"This is the new face of Russia. And for us these games are the best ever."
After 17 days of fierce rivalry and hard fought competition, the 2014 Winter Olympics in Sochi came to a spectacular end.
Russia spent almost £31 billion pounds to ensure they produced not only the most expensive games in history but also one of the best, and they did not fail to deliver.
Millions of spectators around the globe waited anxiously to see how the Closing Ceremony would unfold after the slight but highlighted hitch with the Olympic rings in the Opening Ceremony.
This time Russia turned the joke around as just before forming the Olympic rings the dancers took a slight moment to reference the glitch on the final ring before broadening out to form the full ring.
The ceremony itself included a spotlight on Russian culture, highlighting the host countries art, literature and music. There were performances from various Russian institutions including music from their own composer Sergei Rachmaninoff, ballet and circus acts.
The athletes of the games enjoyed their last moments in Sochi with a procession alongside speeches and the declaration of the closing of the games. The Giant animatronic mascots resurfaced and the bear was given the honour of blowing out the Olympic flame which he did but not before a few tears were shed.
The Olympic flag exchanged hands with South Korea who will host the 2018 Winter Olympics in Pyeongchang.
Thomas Bach head of the International Olympic Committee (IOC) praised the facilities and volunteers branding it the athletes’ games. He said: “It is a great moment in our history, a moment to cherish and pass onto the next generation. A moment which will never be forgotten.
“This is the new face of Russia, our Russia. And for us these games are the best ever,” he added, to which he got a rapturous applause.
He then added in his native Russian language: “We did it, we conquered the Olympic summit and these games will be with us forever.”
So after spending billions on getting the games to Russia, how did the host city fair when it came to competing in the events? There was pressure on the Russian athletes deliver, but it had to be Gold.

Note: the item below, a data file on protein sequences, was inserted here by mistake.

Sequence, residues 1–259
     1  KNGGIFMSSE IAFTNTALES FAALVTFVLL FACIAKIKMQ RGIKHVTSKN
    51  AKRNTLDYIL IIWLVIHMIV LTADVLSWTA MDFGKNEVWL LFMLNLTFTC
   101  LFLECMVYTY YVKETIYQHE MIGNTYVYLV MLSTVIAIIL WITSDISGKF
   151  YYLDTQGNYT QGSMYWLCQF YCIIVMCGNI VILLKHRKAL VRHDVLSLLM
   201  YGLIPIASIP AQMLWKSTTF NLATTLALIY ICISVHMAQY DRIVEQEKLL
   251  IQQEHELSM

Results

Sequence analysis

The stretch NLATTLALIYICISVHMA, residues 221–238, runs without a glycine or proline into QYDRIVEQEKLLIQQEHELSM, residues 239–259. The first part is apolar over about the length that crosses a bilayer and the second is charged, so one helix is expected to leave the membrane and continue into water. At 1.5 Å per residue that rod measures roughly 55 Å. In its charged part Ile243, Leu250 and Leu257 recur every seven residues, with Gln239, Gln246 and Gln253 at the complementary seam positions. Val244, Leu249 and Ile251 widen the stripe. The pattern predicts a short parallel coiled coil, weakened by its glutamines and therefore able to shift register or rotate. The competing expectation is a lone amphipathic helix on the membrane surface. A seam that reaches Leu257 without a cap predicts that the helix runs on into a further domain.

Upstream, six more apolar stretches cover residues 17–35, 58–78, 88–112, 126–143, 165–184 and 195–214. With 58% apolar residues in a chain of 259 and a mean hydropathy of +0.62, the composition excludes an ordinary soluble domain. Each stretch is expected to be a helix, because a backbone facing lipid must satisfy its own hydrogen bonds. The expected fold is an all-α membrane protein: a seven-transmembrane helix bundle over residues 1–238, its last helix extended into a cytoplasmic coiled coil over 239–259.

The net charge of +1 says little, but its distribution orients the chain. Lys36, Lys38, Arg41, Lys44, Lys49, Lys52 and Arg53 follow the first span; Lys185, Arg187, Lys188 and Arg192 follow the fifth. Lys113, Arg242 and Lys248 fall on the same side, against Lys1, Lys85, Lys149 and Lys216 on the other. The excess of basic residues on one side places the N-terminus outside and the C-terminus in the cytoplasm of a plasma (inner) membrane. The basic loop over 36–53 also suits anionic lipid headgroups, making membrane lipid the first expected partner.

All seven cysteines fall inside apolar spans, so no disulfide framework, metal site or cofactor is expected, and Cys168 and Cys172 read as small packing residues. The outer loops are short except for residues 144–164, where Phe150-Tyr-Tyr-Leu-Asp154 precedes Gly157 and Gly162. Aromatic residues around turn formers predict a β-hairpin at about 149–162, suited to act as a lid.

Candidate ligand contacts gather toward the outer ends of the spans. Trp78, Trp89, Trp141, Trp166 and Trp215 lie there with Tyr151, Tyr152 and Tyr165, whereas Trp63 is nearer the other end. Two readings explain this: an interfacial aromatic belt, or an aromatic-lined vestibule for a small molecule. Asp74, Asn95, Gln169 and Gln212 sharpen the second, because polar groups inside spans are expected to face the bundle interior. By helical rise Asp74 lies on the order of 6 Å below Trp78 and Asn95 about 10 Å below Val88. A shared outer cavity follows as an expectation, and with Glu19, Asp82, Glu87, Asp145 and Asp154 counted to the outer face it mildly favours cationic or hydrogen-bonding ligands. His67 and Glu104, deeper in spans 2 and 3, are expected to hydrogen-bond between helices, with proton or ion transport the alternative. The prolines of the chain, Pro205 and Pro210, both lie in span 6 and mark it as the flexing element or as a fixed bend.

The overall medal table reading looked impressive for Russia as they topped it with a massive 33 medals. This included 13 Gold, 11 Silver and 9 Bronze medals.
However, the Russian hockey players will not be the toast of the town. The whole nation was banking on them to get Gold but unfortunately it was not meant to be. The Russian’s came second in their group behind USA meaning a play-off against Norway who they beat comfortably 4-0.
Next up was Finland in the quarterfinals and Russia were comprehensively beaten 3-1 to the astonishment of the crowd, nation and maybe the world.
Despite this the Russian Athletes rallied and went on to win Gold medals in Alpine Skiing(1), Bobsleigh (2), Cross Country Skiing (1), Figure Skating (3), Short track skating (3), Skeleton (1), Snowboarding (2).
Adelina Sotnikova became the first Russian to win gold in the Olympic women’s figure skating with a sublime and superb performance in the free programme to see off former Vancouver champion Yuna Kin of South Korea.
Norway came second in the medals table with a total of 26 medals with 11 gold, 40 year old Ole Elnar Bjoemdalen became the most decorated Winter Olympian of all time after winning gold in the men’s sprint and mixed relay. It was also his last Olympics.
Canada finished third with 25 medals of which 10 were gold. Both the men’s and women’s team grabbed gold in Curling. This meant that men’s team had created history and completed a hat-trick of victories dating back to 2006 Turin followed by Vancouver 2010 and now Sochi 2014 after crushing Great Britain 9-3 in the final.
The Dutch speed skating squad achieved 23 podium finishes which included four clean sweeps. No other sport has ever had such a clear superiority by one team.
India left Sochi with no medals. However, the trio of Shiva Keshavan, Himanshu Thakur and Nadeem Iqbal will have left with their heads held high as they finally got to walk under their national flag.
The tricolor flag flew high as the athletes walked into the stadium at the closing ceremony.
Great Britain had a target of 3 medals. Team GB got off to a flying start as Jenny Jones won a Bronze in the Ladies’ Snowboard Slopestyle. This gave the team a massive boost and morale was on an all-time high.
Elizabeth Yarnold sent the British fans wild as she won Gold in the Skeleton. She said:
“I always have high expectations of myself, I always secretly intended to come to Sochi, it was my goal. But to win the whole race is far beyond my expectations.”
The Women’s Curling team led by Eve Muirhead won bronze after beating Switzerland in a tense and well fought match.
The game headed into the 10th end with the score tied at 5-5 and it came down to the final two stones and Great Britain’s skip Muirhead. Immense pressure was on the 23 year-old as she stepped up and she delivered as Great Britain become the youngest ever medal winners in Curling.
The Men’s team led by David Murdoch went one better as they reached the final but were denied a historic gold as they were crushed 9-3 with two ends remaining by the best team in Curling Canada.
Millions of people watching around the world will have been thrilled and inspired by the spectacle offered by the athletes. There were plenty of highs and a few lows in all the events, some record breaking achievements and some record breaking athletes who left empty handed.
Above all congratulations to Russia for delivering a splendid Olympic Games and to all the athletes who took part in producing one of the best Winter Olympics of recent years. We salute you.